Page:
Recognizing April as National Child Abuse Prevention Month
April is recognized as National Child Abuse Prevention Month, a time to raise awareness about the importance of protecting children from abuse and neglect. It is also a time to join together to promote the safety and well-being of all children and families and to recognize the child-welfare professionals and allies who work tirelessly to protect children.
Child abuse and neglect are serious public health issues that affect millions of children each year. According to the Centers for Disease Control and Prevention, at least 1 in 7 children have experienced child abuse or neglect in the past year in the United States. This is likely an underestimate because many cases are unreported. This abuse can have lasting impacts on a young person’s health, opportunity, and physical and emotional well-being.
At the National Runaway Safeline (NRS), we hear from young people who are being abused, neglected and mistreated. Too often they feel unsafe in their own homes, have trouble focusing at school, struggle to forming trusting relationships and consider running away. We are here to listen and to help.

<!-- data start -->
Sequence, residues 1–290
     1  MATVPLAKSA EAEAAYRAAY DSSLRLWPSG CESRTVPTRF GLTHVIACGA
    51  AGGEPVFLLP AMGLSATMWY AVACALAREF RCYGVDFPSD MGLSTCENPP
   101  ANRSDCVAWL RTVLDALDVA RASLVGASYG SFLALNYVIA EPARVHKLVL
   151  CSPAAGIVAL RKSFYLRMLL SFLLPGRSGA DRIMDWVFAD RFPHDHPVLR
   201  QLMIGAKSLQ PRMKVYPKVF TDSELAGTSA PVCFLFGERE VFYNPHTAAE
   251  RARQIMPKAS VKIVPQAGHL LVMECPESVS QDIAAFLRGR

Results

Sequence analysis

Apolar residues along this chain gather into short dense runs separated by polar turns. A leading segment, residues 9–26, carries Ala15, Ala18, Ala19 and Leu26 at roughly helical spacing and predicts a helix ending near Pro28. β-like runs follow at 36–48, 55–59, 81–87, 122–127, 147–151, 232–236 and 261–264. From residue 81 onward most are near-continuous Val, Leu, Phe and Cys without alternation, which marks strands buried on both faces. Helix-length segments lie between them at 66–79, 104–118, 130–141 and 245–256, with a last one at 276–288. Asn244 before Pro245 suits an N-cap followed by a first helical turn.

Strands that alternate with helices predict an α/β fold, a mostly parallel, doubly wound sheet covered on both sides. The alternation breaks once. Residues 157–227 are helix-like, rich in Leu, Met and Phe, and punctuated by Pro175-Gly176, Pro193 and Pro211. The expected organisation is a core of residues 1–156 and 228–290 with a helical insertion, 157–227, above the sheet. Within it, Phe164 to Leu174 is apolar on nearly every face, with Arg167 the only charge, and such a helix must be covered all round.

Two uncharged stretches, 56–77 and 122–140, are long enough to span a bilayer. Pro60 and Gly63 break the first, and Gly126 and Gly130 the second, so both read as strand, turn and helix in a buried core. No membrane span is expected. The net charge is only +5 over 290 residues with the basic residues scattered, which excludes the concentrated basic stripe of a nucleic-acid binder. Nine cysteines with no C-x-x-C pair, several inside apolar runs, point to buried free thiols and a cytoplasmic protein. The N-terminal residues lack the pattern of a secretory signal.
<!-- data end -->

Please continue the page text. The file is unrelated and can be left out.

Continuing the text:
Child abuse can take many forms, such as physical and sexual abuse to emotional abuse and emotional neglect. The most common type of maltreatment is neglect. Child abuse and neglect are preventable; however we must first understand the factors that put people at risk for these types of abuse.
Preventing child abuse recquires a multifaceted approach. Prevention factors are conditions or attributes that when presented in families and communities, can decrease the likelihood of maltreatment and increase the well-being of both children and their families. It is important to identify the protective factors that can help parents find readily available resources and strategies that can allow them to parent in an effective and safe way.
It is crucial that during the month of April and always, young people who have endured abuse and neglect understand they are not alone. At the National Runaway Safeline, we see these young people, strive to support them through their pain and applaud them for their strength.
If you see something, say something. If you suspect or know that a young person is a being abused or neglected, take action and contact your local child protective services office or law enforcement agency.
During National Child Abuse Prevention Month, NRS has been sharing resources and educating our community and followers about this serious problem. We encourage people to get involved with child-welfare organizations where they can make a difference in the lives of young people and families. It can be as simple as spreading awareness on your own platform. Childwelfare.gov has created a toolkit of resources, graphics, and social media posts that make it easy for anyone to educate themselves and spread their message.